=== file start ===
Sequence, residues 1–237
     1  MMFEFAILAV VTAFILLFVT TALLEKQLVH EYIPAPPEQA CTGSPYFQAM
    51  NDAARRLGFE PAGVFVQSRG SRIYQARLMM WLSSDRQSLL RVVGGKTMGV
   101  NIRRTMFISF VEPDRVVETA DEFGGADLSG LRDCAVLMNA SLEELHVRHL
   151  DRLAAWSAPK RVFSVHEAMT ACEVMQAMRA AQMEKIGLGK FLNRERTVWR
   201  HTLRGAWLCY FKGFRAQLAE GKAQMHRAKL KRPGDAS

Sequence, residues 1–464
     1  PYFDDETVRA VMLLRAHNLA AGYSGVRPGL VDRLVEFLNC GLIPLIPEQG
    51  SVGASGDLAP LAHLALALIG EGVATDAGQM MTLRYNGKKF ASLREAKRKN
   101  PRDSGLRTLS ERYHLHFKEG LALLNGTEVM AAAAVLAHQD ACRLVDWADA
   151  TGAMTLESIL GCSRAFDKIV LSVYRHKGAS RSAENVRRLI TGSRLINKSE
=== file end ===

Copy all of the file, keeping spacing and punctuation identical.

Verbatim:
Sequence, residues 1–237
     1  MMFEFAILAV VTAFILLFVT TALLEKQLVH EYIPAPPEQA CTGSPYFQAM
    51  NDAARRLGFE PAGVFVQSRG SRIYQARLMM WLSSDRQSLL RVVGGKTMGV
   101  NIRRTMFISF VEPDRVVETA DEFGGADLSG LRDCAVLMNA SLEELHVRHL
   151  DRLAAWSAPK RVFSVHEAMT ACEVMQAMRA AQMEKIGLGK FLNRERTVWR
   201  HTLRGAWLCY FKGFRAQLAE GKAQMHRAKL KRPGDAS

Sequence, residues 1–464
     1  PYFDDETVRA VMLLRAHNLA AGYSGVRPGL VDRLVEFLNC GLIPLIPEQG
    51  SVGASGDLAP LAHLALALIG EGVATDAGQM MTLRYNGKKF ASLREAKRKN
   101  PRDSGLRTLS ERYHLHFKEG LALLNGTEVM AAAAVLAHQD ACRLVDWADA
   151  TGAMTLESIL GCSRAFDKIV LSVYRHKGAS RSAENVRRLI TGSRLINKSE